Women’s March Draws Students to D.C.


Protestors participate in the Women’s March on Washington on Jan. 21, 2017, the day after the inauguration. (ADRIANA BALSAMO-GALLINA / THE OBSERVER)


On Nov. 9, 2016, more than half of the United States found themselves in shock as the results of the presidential election became obvious. Three months later, on Jan. 21, 2017, more than 3 million people across the United States expressed their discontent in what is now being called the biggest collective demonstration in U.S. history.

As Donald Trump took his seat in the Oval Office this week, a crowd of around 500,000 people took to the streets of Washington D.C. to protest the 45th president and his policies. The “Women’s March on Washington” hoped to exemplify the outrage felt throughout the country, focusing especially on equality and inclusion, fighting against a leader who people feel is not an accurate representation of their political views. It was a march to express the fear and anxiety that Trump and his cabinet represent to women, people of color and minorities.

While the organizers of the march expected around 200,000 protesters in D.C., the total count was at least double their estimation.  The energy level was palpable as the crowds emerged from the metro station and as trains pulled up to the Judiciary Square stop, the platforms became too crowded to maneuver.  Even with the growing number of people, however, a sense of safety and peace pervaded the general feeling of the crowd. A sea of pink hats and creative posters weaved toward the exit and amidst the crowd, a plethora of young children clinging on to their parents’ jackets.

Among those protesting were a number of Fordham students, including Saim Alam, Fordham College at Lincoln Center (FCLC) ’20.  While every person had their own particular reasons for marching, Alam felt that President Trump’s election directly affected his and his family’s future.  Alam said, “My future as a gay person of color will depend on our resilience in times like these.”  He continued, “I have two little sisters whose futures will be shaped by the strength of our resistance now.”  While marching for equality on every platform, Alam made it obvious that the Women’s March on Washington should look specifically at Trump’s policies that will target women in America. “On the anniversary of Roe v. Wade,” he explained, “50 years later we sit here worrying about a woman’s right to choose being stripped away from her.”  A large portion of the propaganda at the Women’s March focused on just this: a woman’s right to legal and affordable healthcare.

It also became clear throughout the march that Trump’s blatant sexist, racist and bigoted language was one of the main reasons for the resistance, and it would not be tolerated.  “I marched because I had to,” Gillian Nelson, FCLC ’19, explained. “I have reached a point in my life where I refuse to believe that complacency is justifiable.”

However, this is not to say the march did not encounter backlash or resistance.  Although no arrests were made at the march in Washington D.C. and the pro-Trump resistance was minimal, many liberal communities took issue with the reappearance of feminism that did not seem to incorporate the intersectional nature of these issues.  Nelson said, “I was taken aback by how white and privileged the space was.”  She continued, “It was clear that many of the women marching in D.C. had the privilege to travel there from afar, not have to work that day and have the safety to express their ideas without fear.”  Nelson went on to express concern that although these women showed up for the March on Washington, they may not necessarily have shown up for other demonstrations of equal importance. “I was concerned that these women may not show up to a Black Lives Matter protest,” she said, “or any other demonstration that doesn’t necessarily include a white feminist agenda.” Issues like these will require the understanding and promotion of equal rights on every level.  While the march was an important message for Trump’s presidency, certain flaws that may need to be improved upon in the next demonstration were made evident.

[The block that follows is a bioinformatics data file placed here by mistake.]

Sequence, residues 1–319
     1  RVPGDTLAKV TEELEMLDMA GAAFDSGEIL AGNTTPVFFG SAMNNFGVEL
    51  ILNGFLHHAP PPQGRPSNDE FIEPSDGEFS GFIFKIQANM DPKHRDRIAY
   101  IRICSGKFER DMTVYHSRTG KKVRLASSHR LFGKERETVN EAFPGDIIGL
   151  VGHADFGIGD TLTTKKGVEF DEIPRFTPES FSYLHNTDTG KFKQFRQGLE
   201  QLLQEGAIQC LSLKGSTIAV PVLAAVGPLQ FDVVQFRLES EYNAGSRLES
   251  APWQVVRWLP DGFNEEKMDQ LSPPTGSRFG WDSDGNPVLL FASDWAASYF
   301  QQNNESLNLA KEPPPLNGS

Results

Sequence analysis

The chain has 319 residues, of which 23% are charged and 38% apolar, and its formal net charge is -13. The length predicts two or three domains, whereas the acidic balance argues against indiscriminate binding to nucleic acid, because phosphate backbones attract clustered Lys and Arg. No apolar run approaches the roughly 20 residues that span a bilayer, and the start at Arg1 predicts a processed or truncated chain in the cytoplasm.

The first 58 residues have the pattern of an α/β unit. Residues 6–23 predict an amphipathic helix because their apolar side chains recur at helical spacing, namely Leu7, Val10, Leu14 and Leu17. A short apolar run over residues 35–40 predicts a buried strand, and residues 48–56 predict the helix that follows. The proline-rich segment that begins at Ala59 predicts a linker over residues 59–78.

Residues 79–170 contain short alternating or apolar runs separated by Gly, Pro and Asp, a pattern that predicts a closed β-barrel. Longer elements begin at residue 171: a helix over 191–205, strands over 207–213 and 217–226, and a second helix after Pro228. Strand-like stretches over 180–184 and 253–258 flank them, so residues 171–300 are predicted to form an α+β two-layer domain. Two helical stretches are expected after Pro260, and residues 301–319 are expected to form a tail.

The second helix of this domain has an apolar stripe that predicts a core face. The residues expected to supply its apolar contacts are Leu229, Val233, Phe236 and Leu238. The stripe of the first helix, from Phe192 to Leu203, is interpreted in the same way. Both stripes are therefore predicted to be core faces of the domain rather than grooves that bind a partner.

I marched because I had to…I have reached a point in my life where I refuse to believe that complacency is justifiable.”

What the future holds for American politics remains unclear.  What is obvious is that change will have to continue coming from the public, from a democracy that is willing and able to mobilize against a government that they cannot stand behind.  When asked how he will continue to use this energy to promote change in the future, Alam said he plans to stay involved on a local level, working with politicians in New York and his home state of North Carolina.  Nelson also hopes to create change within her community. “Sometimes we forget the injustices happening right in our very own backyard,” she said.  “For example, just recently, Fordham banned a student organization advocating for Justice in Palestine,” Nelson added. “This type of censorship follows the same troubling narrative of this election season in the sense that it includes the silencing [of] marginalized groups.”

While it is important that we continue to recognize the flaws within our democracy, both in this election season as well as the Women’s March on Washington, it is equally important that we do not discourage the population at large from advocating for what they believe in.  The Women’s March brought out millions of people who refuse to accept Trump’s agenda. In order to enact change in our government, it will be crucial that the public’s opinions continue to be known. Despite the complicated issues that became obvious for her at the march, Nelson noted, “I did find it incredibly beautiful to experience a public space filled with so many females in solidarity with one another. It is a feeling I will never forget.”